When small and focused is smart
By Peter Glaskowsky, photo by David Toerge - March 1, 2001
I recently attended MacWorld Expo in San Francisco, my eleventh time at this show. I've found a lesson in the history of Apple Computer Inc. that's relevant to any company that holds a small portion of its market.
|Continuous innovation is essential to Apple's continued success|
Any company in Apple's position must choose between remaining a niche player or competing directly with the companies that dominate the segment.
Apple has tried both strategies. Apple dominated the PC industry in the days of the Apple II, but only by default; Apple was simply the first well-financed company devoted entirely to personal computers. As serious competition emerged, Apple's proprietary solutions lost market share to more open alternatives such as the IBM PC. Apple didn't move out of the mainstream, but the mainstream moved away from Apple.
The Macintosh was the perfect expression of Apple's niche strategy-a closed box that sacrificed almost everything PC buyers found valuable on the altar of user friendliness. It surely was an "insanely great" system from certain viewpoints, but as a commercial product, it was simply insane. It took eight years of technology improvements following Moore's Law to make the Mac what it needed to be from day one.
Apple's management then began to seek a much larger role in the PC market. Macintosh industrial designs became more like the PCs of the day, the better to fit into corporate environments, and Apple's marketing efforts focused on the practical value of the Macintosh. The result was disaster; the Macintosh simply couldn't compete with the PC on price/performance, system variety or software availability. The Mac's few advantages, such as its superior user interface and integrated networking, weren't enough to attract new PC buyers-and besides Microsoft was rapidly integrating these features into Windows. Apple's second fling with the PC mainstream ended with the near-death of the company.
With Steve Jobs' return to Apple in 1997, the company once again began to focus on what it does well-defining and dominating specific niches within the PC market. This strategy-and Apple's success in pursuing it-points to a valuable lesson for other companies in the same position: Market share is not necessarily a primary factor in business success.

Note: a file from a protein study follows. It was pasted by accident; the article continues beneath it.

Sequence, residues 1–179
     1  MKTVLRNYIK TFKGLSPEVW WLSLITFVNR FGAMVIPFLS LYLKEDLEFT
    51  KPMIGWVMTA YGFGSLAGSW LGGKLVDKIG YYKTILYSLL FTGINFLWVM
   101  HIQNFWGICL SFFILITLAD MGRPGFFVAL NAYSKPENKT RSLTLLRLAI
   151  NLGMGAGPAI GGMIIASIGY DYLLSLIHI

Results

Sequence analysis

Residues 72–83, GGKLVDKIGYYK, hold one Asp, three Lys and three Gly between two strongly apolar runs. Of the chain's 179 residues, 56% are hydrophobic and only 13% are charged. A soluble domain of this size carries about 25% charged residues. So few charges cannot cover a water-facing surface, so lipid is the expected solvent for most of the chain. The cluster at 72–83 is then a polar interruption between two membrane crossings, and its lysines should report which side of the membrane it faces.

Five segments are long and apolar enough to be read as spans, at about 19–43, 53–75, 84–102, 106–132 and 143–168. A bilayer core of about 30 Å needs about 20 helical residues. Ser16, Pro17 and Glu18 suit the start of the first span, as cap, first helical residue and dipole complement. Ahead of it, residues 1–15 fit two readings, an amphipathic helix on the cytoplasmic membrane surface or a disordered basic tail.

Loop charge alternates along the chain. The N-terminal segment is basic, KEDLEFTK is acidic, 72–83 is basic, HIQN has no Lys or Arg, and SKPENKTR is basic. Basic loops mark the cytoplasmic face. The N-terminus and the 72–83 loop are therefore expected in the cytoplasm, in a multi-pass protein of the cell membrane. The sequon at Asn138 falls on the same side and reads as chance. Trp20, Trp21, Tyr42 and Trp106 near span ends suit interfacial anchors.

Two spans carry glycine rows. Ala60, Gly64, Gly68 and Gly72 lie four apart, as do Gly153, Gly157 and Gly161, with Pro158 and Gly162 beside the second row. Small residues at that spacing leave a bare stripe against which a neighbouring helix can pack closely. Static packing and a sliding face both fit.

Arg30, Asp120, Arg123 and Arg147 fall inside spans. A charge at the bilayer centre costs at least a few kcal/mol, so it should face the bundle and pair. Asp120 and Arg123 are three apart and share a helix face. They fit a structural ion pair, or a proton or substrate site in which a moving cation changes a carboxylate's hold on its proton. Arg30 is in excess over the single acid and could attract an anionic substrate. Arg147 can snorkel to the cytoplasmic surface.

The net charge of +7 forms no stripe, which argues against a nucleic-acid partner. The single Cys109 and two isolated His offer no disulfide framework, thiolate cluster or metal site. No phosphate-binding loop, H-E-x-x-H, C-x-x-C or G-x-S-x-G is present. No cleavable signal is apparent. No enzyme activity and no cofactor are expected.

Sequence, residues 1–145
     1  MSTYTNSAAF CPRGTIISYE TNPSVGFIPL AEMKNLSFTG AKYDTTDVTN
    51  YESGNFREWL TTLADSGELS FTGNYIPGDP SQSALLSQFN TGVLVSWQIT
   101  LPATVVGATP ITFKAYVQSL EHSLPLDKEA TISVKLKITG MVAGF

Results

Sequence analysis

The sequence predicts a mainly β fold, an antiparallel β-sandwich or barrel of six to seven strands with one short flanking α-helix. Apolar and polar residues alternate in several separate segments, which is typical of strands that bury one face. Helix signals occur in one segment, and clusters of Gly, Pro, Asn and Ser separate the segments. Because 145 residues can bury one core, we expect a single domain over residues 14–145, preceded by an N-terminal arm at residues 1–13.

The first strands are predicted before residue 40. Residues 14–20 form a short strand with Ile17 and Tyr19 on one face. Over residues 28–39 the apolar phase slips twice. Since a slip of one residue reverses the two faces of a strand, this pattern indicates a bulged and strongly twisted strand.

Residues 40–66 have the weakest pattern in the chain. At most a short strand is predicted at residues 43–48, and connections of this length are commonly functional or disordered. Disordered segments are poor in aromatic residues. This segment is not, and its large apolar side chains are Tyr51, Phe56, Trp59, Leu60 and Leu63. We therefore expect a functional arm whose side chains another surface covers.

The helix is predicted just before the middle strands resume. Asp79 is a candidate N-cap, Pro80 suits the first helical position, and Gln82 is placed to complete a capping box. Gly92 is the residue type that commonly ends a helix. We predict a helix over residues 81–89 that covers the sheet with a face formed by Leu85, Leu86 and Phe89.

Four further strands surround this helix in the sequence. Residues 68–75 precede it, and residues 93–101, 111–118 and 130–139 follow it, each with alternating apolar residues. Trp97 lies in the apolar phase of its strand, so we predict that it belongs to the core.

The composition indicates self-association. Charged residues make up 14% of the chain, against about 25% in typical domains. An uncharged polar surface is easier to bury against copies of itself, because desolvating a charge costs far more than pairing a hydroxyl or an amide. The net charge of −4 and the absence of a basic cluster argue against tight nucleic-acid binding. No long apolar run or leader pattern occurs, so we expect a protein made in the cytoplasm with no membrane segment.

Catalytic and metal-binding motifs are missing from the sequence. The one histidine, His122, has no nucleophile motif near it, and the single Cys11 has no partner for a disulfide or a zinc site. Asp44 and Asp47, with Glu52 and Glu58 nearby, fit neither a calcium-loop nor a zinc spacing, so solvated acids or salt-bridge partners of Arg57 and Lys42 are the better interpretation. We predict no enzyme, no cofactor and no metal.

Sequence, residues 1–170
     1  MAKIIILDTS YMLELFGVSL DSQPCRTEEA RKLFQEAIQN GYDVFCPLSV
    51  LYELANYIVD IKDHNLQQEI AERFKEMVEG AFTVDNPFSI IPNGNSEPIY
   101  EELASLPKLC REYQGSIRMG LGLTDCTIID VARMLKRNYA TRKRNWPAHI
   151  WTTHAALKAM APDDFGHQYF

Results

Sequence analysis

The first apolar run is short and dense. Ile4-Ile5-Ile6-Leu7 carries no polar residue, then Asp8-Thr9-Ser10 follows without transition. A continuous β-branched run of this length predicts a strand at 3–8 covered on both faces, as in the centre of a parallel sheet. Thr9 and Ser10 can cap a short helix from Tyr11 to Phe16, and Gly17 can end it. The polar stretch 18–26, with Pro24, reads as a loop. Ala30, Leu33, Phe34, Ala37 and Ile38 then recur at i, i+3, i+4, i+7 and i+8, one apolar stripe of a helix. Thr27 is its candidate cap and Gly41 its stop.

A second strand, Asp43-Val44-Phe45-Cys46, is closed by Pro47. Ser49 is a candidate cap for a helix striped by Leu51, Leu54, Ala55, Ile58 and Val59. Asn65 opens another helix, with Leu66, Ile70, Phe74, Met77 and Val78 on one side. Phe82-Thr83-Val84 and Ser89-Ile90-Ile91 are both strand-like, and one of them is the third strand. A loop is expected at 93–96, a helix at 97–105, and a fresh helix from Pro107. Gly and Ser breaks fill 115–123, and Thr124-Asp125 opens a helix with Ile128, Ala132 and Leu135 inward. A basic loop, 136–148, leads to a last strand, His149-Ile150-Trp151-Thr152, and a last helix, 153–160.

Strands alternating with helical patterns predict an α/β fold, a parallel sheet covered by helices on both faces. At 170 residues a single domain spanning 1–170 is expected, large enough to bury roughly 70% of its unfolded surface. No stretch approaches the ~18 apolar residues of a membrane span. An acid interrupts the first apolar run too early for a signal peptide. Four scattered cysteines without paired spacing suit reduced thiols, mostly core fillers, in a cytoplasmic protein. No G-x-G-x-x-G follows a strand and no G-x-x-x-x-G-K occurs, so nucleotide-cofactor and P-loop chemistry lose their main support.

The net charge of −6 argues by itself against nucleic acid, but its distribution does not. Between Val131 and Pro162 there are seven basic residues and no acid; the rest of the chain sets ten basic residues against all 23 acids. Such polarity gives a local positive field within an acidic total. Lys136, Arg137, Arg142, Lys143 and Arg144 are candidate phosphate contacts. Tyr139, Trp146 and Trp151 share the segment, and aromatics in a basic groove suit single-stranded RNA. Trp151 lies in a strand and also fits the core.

Business success is defined primarily by return on investment, not by the magnitude of the return. A large business can be more profitable than a small business due to economies of scale, but that effect pales in comparison to the increased gross margins possible with distinctive products. Apple's current products, with their special finishes and quirky feature sets, are nothing if not distinctive. Continuous innovation, however, is essential to Apple's continued success; thus whenever the company leaves the same set of products on the market for very long, sales flag.
Innovation may also be the key to your company's success. If you can predict where your market is going and get there first-or pick a direction and get the market to follow you-you'll find strong demand and earn a higher return on your investment. Apple has taken the latter course, but "following from in front" can work just as well.
Next month, I'll describe how Advanced Micro Devices Inc. has overtaken Intel Corp. in the CPU speed race by delivering value to the whole PC market, not just a small portion of it. The contrast to Apple's niche focus couldn't be more stark, but innovation also is at the heart of the AMD story.
Peter N. Glaskowsky is a senior editor of the Microprocessor Report. For more information on topics covered in this column, visit http://www.chipinsider.com. Send Peter e-mail at firstname.lastname@example.org.